The Center for Language Studies, housed within the BYU College of Humanities, strives to fulfill the university’s mission of “Enter to learn. Go forth to serve.” The Center strives to maintain the core competencies valued by the BYU College of Humanities, especially Cultural Literacy and Language Proficiency.
The Center for Language Studies helps learners acquire the advanced language and cultural skills they need for their personal enrichment and for global careers in any of the University’s academic disciplines.
In pursuing the CLS mission, we are motivated by the following convictions:
-Advanced language learning brings advanced cultural insights, increases global understanding, and reveals the limitations of any monolingual view of the world.
-Knowledge of more than one language increases language awareness and sensitivity, promotes life-long learning, and is a hallmark of the educated person.
-The second language skills of BYU’s faculty and students are a “core BYU competency.” *
-They provide students with “access to a wide variety of markets.”
-They “make a significant contribution to the perceived customer benefits” of hiring BYU graduates.
-They would “be difficult for competitors [other universities] to imitate.”
The Center for Language Studies provides strategic planning and assessment services for the College of Humanities, oversees special-purpose language resource centers, supports 12 departmental major and minor language programs, and provides instruction in 40+ additional languages. The Center’s goals can be grouped into four functional areas:
-We provide students with the professional language skills, cultural knowledge, and ethical standards required for global careers and world-wide service – regardless of their major field of study.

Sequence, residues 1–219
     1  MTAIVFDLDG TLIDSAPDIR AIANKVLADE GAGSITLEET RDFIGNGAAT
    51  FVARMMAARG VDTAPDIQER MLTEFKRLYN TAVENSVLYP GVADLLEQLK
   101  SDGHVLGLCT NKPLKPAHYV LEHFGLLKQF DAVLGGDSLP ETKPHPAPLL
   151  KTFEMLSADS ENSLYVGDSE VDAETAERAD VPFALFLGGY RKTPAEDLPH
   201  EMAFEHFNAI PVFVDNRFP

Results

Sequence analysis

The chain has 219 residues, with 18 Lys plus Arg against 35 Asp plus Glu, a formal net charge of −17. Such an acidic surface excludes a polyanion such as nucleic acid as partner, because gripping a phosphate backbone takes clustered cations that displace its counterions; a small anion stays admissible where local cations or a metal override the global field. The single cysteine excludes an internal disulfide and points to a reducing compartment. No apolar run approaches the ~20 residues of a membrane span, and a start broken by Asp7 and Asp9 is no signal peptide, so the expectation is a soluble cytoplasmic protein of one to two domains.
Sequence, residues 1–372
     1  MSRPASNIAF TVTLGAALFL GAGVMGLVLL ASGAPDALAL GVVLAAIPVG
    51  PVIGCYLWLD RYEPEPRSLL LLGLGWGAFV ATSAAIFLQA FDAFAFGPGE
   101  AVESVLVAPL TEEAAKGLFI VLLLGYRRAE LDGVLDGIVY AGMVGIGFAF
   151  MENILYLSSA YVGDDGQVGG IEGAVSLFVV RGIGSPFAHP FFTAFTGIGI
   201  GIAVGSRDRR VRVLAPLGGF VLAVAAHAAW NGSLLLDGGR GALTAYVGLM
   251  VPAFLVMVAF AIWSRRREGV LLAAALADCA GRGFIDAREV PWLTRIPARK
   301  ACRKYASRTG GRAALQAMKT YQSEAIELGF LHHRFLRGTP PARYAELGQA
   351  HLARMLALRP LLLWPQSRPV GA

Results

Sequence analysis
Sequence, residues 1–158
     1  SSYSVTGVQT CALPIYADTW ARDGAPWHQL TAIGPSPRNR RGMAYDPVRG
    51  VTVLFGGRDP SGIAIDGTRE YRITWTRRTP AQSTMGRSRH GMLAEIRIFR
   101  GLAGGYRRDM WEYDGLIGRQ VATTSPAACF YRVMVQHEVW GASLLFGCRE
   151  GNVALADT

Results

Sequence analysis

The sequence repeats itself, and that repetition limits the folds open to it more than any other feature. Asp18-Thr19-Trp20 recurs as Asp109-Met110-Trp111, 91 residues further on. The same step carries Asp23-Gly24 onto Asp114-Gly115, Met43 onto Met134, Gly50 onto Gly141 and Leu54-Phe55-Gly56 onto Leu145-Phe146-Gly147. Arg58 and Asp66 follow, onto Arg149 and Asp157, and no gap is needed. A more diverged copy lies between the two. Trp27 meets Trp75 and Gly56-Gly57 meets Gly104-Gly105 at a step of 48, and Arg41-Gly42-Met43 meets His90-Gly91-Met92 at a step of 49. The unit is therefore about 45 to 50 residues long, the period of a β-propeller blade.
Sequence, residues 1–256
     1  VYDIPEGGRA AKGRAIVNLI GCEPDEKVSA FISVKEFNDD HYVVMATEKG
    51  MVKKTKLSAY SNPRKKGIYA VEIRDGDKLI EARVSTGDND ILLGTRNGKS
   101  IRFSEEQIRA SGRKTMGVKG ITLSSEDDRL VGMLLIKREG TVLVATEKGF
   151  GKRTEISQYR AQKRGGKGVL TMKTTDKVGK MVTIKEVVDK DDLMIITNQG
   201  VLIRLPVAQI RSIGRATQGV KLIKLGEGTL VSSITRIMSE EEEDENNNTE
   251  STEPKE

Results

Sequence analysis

-We offer professional development and graduate study options that will prepare professional language educators to teach, conduct research, develop curricula, create tests, and manage second language programs.
-We increase the language proficiency and cultural awareness of all BYU students.
-We raise the general public’s awareness of the value of second language skills.
Assessing Student Programs and Outcomes
-We create a culture of assessment, accountability, reflection, and innovation.
-We improve language programs through data-driven decision-making.
-We link linguistic theories to pedagogical strategies.
-We engage in scholarly research on language teaching, learning and assessment.
-We use research results to enhance instructional practices and learning behaviors.
-We develop the curricula, tests, and technologies needed to support the Center’s instructional, assessment, and research goals.
-We coordinate and collaborate with other national development projects to accomplish more than would be possible with the Center’s resources alone.
* “The Core Competence of the Corporation,” C.K. Prahalad and Gary Hamel in Harvard Business Review. May-June 1990, p 83.
BYU Center for Language Studies
3086 Joseph F. Smith Building